The psychology of war centers on the argument that human beings are inherently violent. This violence is fueled and escalated by humans transferring their resentments into hatred against other nations, races, religions and ideologies. This theory suggests that a nation state will preserve order in its own society while simultaneously creating an outlet for aggression through warfare projected ...
The psychology of war centers on the argument that human beings are inherently violent. This violence is fueled and escalated by humans transferring their resentments into hatred against other nations, races, religions and ideologies. This theory suggests that a nation state will preserve order in its own society while simultaneously creating an outlet for aggression through warfare projected against a rival nation.
The majority of studies on the subject of the psychology of war are arguments based upon evolutionary psychology. This area of research makes the suggestion that war is an extension of animal behavior, with examples being animal territoriality and competition. In 1974, biologist Jane Goodall documented what she called a war between groups of chimpanzees in the Gombe National Park of Tanzania. In addition to Goodall's research, wildlife expert Sir David Attenborough has spoken about groups of chimpanzees making raids into neighborhood territories.
There are three models of study that look into the psychology of war: biological, ecological and social-structural. Biological models examine the importance of the links between human and primate violence, as well as the acknowledged associations between success in war and success in reproduction. This idea proposes that violent conflict is a critical factor in shaping human evolution and that this natural selection has produced a cultural preference for war.
Ecological models make the suggestion that war can actually have a positive outcome for smaller societies. Theorists argue that warfare plays a role in mediating relationships with the environment. Historically, warfare has been ethnographically noted to create and maintain space between settlements, relieve tensions and prevent further degradation of natural resources.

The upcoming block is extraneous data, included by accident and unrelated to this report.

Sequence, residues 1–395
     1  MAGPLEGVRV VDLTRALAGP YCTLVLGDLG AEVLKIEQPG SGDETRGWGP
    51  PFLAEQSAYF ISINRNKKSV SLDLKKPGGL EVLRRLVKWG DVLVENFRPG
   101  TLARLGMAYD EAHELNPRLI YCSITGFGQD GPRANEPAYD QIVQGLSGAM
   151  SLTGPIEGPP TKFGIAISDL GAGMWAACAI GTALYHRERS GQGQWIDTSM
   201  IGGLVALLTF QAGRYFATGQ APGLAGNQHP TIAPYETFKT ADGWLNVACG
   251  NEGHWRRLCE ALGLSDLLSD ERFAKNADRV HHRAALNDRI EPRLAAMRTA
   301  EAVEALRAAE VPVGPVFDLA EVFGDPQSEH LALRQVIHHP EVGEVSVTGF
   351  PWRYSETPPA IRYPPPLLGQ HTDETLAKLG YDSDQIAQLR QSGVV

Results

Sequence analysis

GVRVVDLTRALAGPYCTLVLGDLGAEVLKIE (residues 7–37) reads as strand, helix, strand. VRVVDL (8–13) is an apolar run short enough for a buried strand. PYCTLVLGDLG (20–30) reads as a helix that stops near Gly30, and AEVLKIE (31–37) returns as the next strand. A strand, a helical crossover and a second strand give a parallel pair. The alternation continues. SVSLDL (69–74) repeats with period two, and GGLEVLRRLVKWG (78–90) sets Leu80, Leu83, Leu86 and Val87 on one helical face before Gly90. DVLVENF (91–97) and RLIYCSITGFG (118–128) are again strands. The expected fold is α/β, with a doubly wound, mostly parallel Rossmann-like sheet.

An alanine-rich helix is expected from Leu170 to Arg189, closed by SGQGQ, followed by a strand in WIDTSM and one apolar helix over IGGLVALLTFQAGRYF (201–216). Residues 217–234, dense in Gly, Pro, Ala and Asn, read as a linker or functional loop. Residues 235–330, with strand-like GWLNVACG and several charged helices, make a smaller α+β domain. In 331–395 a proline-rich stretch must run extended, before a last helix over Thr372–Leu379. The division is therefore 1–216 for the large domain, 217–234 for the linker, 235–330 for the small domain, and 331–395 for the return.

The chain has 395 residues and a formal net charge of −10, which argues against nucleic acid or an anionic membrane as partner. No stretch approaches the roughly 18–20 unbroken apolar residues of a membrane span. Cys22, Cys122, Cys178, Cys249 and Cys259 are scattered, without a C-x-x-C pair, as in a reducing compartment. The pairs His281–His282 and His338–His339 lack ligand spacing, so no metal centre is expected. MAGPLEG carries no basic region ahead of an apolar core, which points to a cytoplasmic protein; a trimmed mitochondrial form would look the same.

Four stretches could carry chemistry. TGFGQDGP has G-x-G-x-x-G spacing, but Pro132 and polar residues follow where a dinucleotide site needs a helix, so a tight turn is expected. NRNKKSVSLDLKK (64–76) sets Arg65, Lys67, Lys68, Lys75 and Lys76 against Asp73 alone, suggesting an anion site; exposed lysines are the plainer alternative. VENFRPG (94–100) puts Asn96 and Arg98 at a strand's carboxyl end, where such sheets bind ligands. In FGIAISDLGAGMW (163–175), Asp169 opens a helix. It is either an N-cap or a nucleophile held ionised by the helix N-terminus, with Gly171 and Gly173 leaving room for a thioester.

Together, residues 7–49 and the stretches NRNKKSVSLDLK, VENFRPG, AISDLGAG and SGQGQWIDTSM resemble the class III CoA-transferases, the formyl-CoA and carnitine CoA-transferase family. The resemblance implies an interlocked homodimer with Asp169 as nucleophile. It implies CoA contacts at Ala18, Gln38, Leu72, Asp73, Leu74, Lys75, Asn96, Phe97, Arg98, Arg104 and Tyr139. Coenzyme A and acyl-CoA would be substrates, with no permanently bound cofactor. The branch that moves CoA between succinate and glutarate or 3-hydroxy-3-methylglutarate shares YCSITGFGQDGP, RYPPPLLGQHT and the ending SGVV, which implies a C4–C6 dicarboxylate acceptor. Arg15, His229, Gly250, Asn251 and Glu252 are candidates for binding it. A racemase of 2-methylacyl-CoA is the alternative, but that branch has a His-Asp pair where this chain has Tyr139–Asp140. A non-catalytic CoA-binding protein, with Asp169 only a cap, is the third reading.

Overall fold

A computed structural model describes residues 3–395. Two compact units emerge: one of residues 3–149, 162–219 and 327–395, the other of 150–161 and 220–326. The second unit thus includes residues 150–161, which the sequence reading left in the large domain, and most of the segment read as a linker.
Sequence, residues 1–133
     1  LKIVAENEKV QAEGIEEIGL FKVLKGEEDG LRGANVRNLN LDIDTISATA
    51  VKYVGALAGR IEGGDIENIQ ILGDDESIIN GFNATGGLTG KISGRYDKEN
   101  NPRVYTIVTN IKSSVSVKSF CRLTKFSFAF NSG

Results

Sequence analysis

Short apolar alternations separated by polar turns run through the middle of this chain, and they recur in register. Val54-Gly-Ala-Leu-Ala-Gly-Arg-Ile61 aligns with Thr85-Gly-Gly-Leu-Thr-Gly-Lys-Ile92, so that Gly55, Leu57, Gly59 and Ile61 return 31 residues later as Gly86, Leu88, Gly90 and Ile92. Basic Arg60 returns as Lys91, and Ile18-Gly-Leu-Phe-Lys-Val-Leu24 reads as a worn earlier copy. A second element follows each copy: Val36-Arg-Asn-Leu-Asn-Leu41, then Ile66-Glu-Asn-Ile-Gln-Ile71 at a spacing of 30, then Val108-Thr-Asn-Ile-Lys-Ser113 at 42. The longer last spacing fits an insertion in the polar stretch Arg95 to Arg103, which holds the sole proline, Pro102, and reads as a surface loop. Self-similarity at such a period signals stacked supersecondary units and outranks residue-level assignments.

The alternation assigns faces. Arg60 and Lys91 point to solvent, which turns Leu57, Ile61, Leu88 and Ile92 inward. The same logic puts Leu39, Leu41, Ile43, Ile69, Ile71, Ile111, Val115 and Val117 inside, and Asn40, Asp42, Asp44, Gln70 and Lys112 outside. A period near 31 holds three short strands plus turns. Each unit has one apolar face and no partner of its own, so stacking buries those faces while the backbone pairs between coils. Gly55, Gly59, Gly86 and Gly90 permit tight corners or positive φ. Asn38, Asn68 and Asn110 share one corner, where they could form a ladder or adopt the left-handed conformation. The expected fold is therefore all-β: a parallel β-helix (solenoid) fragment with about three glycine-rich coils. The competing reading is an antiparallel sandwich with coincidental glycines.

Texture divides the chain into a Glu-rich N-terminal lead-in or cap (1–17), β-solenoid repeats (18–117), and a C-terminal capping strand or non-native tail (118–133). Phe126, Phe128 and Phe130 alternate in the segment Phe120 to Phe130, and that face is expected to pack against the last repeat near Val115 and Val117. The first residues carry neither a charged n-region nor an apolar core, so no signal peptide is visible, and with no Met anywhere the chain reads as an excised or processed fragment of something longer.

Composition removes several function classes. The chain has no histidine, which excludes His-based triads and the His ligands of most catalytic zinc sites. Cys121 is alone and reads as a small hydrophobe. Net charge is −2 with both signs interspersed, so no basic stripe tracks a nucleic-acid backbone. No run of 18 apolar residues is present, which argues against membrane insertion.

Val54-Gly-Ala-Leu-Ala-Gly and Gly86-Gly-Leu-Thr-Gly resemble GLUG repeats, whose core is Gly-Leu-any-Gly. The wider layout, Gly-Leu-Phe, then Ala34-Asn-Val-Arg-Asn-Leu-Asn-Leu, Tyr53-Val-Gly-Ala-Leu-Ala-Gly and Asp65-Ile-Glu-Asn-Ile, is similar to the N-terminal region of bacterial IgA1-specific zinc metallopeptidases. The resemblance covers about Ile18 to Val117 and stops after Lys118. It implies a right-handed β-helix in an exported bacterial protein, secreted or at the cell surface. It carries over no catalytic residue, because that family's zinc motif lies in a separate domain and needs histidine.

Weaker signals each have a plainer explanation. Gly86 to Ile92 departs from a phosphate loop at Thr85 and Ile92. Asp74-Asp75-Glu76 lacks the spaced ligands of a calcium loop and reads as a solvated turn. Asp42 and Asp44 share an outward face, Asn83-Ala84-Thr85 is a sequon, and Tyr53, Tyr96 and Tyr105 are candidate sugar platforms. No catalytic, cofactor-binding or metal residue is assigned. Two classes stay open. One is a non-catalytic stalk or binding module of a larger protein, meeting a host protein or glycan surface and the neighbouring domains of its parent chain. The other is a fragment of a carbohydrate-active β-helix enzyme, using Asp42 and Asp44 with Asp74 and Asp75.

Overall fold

Social-structural models have developed the theory that certain types of social organizations have impelled mankind to go to war. The hostile establishment of clan and lineage groupings and the lack of authority in non-state societies have been observed to create tensions that might erupt into war with neighboring tribes or nations.
These theories have received criticism from university scholars who make the argument that sustained and organized wars are different to territorial fights. Other researchers point out that social factors and childhood socialization are important in determining the nature and presence of warfare. Some argue that while human aggression may be a universal occurrence, warfare is not.
The Italian psychoanalyst Franco Fornari believes that war is an extension of mourning. Fornari has also suggested that war and violence develop out of mankind's need for love and the wish to preserve and defend the sacred object to which we are attached. In this case, it would the nation in question that an individual holds as a sacred and revered object. In his research, Fornari focused on the sacrifice an individual makes for their country, tribe or beliefs as the essence of war. Meanwhile,
psychologist Franz Alexander theorizes that peace does not really exist and those peaceful periods in both human history and contemporary life are actually periods of preparation for a future war.
In addition, there is a psychological theory in relation to warfare that looks at the leaders of the nations involved in the fighting. This argument stresses that the general population is more ambivalent or neutral in their feelings towards war and that wars only occur when leaders with a psychological disregard for human life are placed into power. Some psychologists believe that war is in actual fact caused by leaders who seek it. Examples of these include Adolf Hitler, Benito Mussolini and Napoleon Bonaparte. Leaders most often come to power in times of crisis when the population votes for a decisive leader, who in turn takes the nation down the road to war.
Research has suggested that certain aspects of the national psyche make some nations more likely to wage war than others. While not the only causes of war and genocide, there are factors that increase the likelihood of scapegoating and violence, some of which are present in many countries. Psychologists suggest that if war is a natural component of human nature, then it is highly unlikely that mankind will always create wars and conflicts.
Although warfare can be seen as having a natural cause, technological advancements have sped up the destructive nature of mankind. Examples of this include the machine gun, nuclear and biological weapons. These advancements have brought human destructiveness to an irrational and damaging level. A key proponent of this theory is psychologist Konrad Lorenz.